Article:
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http://dx.doi.org/10.1038/s41467-019-13068-7DOI Listing
http://www.ncbi.nlm.nih.gov/pmc/articles/PMC6877623PMC
November 2019

Cardiac CT in the Preoperative Diagnostics of Neonates with Congenital Heart Disease: Radiation Dose Optimization by Omitting Test Bolus or Bolus Tracking.

Acad Radiol 2020 05 20;27(5):e102-e108. Epub 2019 Aug 20.

Institute of Clinical Radiology, University Hospital Muenster, Albert-Schweitzer-Campus 1, D-48149 Muenster, Germany.

Rationale And Objectives: Congenital heart diseases (CHD) belong to the leading causes of infant mortality worldwide. Prognostic improvements result from multimodal therapy strategies leading to an increased demand for noninvasive imaging. The aim of the study was to further optimize cardiac CT radiation dose by omitting the test bolus or bolus tracking scan, which can have a relevant share of radiation exposure, especially in neonates.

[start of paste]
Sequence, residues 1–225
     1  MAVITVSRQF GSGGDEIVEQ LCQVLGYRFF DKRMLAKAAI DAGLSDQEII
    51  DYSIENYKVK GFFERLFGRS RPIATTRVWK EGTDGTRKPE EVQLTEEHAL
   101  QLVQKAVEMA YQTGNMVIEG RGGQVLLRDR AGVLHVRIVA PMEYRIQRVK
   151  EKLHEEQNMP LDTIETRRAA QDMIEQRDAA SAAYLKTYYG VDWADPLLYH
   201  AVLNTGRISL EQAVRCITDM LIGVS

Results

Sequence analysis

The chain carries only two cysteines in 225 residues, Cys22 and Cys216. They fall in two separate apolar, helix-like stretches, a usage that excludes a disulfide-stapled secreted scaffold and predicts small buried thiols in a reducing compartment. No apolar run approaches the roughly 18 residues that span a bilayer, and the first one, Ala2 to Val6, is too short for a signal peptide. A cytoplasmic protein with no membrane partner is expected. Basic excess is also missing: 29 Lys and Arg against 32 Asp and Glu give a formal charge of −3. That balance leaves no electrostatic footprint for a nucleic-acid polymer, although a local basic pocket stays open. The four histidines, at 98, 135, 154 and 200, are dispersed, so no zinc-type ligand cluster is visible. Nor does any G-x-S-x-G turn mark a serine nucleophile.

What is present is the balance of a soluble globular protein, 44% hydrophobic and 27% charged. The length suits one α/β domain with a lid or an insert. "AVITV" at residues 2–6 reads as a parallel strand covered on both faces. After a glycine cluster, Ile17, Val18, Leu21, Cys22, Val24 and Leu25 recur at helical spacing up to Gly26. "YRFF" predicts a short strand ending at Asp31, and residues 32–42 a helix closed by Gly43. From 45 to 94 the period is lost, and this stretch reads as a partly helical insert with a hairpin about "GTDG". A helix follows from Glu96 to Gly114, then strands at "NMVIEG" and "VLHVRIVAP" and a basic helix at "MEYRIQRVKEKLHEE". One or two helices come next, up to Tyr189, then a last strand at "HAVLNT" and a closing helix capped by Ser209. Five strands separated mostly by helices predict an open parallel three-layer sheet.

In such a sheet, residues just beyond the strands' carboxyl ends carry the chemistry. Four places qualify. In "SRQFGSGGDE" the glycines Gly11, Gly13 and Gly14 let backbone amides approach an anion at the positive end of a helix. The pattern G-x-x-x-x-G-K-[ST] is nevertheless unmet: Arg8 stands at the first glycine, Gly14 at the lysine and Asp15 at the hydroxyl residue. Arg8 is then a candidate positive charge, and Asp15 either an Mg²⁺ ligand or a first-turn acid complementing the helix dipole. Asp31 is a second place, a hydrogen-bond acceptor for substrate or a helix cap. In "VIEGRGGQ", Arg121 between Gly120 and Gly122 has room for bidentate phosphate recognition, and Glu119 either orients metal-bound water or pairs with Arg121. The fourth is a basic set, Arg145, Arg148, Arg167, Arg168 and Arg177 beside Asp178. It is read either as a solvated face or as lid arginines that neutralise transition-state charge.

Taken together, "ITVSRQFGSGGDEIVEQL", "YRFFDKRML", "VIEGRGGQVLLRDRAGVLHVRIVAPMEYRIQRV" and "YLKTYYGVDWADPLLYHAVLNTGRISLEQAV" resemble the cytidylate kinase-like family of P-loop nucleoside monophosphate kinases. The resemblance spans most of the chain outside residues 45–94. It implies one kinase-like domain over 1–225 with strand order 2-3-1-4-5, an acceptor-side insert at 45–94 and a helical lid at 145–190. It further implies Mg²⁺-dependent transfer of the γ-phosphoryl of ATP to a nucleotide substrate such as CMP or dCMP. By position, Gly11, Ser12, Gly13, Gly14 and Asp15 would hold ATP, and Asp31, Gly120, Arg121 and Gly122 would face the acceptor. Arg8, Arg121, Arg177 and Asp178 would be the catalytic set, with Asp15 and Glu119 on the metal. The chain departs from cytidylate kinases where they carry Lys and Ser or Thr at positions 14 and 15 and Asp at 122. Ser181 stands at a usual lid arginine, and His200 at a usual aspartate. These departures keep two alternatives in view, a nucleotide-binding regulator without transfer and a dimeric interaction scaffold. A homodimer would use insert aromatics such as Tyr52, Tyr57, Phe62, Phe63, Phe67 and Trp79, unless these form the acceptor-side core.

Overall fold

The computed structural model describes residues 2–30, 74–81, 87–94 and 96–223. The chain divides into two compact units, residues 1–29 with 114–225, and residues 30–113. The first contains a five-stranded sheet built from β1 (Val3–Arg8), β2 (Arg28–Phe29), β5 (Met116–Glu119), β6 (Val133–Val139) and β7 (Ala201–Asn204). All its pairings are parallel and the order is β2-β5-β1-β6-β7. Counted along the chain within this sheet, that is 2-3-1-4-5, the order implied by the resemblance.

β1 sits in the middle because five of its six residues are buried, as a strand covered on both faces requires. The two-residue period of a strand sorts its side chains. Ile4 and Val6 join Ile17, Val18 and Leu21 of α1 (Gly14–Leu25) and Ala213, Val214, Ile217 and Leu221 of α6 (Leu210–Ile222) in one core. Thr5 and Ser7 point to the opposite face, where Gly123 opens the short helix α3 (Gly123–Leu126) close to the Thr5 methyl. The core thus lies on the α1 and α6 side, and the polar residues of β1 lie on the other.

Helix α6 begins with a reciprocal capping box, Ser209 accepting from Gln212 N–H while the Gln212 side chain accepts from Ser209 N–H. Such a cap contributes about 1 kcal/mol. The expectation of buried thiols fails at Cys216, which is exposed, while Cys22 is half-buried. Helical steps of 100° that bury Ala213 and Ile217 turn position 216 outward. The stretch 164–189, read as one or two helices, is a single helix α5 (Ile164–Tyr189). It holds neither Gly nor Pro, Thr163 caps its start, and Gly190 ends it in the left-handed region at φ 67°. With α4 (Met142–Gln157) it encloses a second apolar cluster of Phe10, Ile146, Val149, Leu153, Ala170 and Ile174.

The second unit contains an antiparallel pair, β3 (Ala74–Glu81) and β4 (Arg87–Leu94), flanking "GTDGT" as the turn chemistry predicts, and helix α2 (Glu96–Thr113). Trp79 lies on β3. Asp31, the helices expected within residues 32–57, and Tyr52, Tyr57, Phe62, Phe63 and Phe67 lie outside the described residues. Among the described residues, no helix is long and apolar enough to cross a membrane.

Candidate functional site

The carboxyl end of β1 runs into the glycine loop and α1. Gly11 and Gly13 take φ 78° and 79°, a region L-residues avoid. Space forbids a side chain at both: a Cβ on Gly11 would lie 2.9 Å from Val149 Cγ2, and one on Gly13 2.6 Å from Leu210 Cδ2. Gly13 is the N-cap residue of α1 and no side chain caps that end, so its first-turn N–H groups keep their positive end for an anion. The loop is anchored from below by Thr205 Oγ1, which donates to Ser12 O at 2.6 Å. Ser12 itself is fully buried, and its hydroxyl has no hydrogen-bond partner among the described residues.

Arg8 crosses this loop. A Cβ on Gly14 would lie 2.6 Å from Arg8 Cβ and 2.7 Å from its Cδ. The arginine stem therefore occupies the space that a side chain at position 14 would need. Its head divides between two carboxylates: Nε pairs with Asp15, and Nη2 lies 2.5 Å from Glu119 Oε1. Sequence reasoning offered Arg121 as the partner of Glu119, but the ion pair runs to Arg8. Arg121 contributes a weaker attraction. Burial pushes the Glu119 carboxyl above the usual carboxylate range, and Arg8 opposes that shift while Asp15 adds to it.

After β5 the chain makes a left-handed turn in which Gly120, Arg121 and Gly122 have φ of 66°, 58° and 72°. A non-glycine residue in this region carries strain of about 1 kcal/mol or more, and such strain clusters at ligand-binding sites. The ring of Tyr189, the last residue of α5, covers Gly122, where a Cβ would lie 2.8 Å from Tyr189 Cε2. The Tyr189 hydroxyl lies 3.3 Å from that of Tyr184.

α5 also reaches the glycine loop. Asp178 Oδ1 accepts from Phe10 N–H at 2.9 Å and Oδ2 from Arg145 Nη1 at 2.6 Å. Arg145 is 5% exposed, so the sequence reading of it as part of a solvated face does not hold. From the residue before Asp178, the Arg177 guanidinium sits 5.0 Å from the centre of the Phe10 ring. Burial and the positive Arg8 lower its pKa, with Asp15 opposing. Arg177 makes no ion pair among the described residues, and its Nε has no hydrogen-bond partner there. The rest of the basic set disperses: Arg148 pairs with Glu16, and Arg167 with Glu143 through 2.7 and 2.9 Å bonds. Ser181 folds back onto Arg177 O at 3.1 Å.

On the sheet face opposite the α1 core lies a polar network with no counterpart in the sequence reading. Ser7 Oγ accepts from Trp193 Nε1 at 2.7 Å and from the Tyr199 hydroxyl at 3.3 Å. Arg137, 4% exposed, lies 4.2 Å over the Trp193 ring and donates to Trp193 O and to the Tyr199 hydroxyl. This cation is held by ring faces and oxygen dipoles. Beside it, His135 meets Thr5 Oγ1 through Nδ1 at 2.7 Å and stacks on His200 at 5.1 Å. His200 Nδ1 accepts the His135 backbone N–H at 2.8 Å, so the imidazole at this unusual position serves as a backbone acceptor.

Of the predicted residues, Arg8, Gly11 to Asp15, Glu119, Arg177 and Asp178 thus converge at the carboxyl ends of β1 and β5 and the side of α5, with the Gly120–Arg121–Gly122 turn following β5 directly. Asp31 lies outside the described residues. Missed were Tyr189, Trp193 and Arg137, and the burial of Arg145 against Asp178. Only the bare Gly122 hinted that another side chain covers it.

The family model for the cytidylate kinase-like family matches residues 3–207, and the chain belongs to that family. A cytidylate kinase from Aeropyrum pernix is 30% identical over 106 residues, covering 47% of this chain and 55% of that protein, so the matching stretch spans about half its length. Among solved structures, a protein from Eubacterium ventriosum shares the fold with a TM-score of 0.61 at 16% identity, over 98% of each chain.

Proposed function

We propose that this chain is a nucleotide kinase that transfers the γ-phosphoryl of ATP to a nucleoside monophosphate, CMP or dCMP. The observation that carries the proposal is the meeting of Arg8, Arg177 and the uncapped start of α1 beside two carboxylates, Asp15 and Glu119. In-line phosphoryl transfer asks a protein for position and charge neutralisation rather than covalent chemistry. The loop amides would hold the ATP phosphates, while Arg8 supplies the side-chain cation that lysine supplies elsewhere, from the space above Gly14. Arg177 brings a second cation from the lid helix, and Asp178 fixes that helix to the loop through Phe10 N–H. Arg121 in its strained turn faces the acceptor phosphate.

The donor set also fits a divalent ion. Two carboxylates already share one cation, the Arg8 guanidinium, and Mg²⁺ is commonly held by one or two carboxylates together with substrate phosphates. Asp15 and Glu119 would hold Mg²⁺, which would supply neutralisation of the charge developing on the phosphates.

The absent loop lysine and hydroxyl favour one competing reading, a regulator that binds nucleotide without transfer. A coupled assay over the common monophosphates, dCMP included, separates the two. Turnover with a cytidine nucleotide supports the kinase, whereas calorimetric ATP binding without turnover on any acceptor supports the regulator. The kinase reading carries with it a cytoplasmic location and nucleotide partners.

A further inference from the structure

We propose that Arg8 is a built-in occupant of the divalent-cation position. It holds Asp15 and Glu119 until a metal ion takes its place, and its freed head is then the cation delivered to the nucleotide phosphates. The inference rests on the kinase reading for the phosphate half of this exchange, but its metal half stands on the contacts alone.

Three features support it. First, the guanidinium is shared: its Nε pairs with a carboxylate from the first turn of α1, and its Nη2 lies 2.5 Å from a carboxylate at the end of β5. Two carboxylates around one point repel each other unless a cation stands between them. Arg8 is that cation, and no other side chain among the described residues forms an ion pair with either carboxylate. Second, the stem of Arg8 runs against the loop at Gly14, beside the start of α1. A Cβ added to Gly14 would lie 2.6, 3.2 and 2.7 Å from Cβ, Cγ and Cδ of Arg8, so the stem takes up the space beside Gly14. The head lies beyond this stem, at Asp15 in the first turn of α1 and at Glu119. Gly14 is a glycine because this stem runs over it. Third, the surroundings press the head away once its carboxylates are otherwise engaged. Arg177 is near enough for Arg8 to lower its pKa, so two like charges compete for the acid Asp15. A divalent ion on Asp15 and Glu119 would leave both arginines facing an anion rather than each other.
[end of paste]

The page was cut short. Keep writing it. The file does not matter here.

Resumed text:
Materials And Methods: This retrospective study included 25 neonates with CHD who received a CT angiography (CTA) from 2009 to 2018. The examinations were performed as a high-pitch CTA (pitch 3.4, 80 kV) with manual contrast administration (1.5 ml/kg body weight) and fixed scan delay depending on the respective heart defect. Diagnosis, adverse events, radiation dose parameters, objective (contrast-to-noise ratio) and subjective (4-point Likert scale) image quality as well as diagnostic accuracy compared to intraoperative findings was assessed.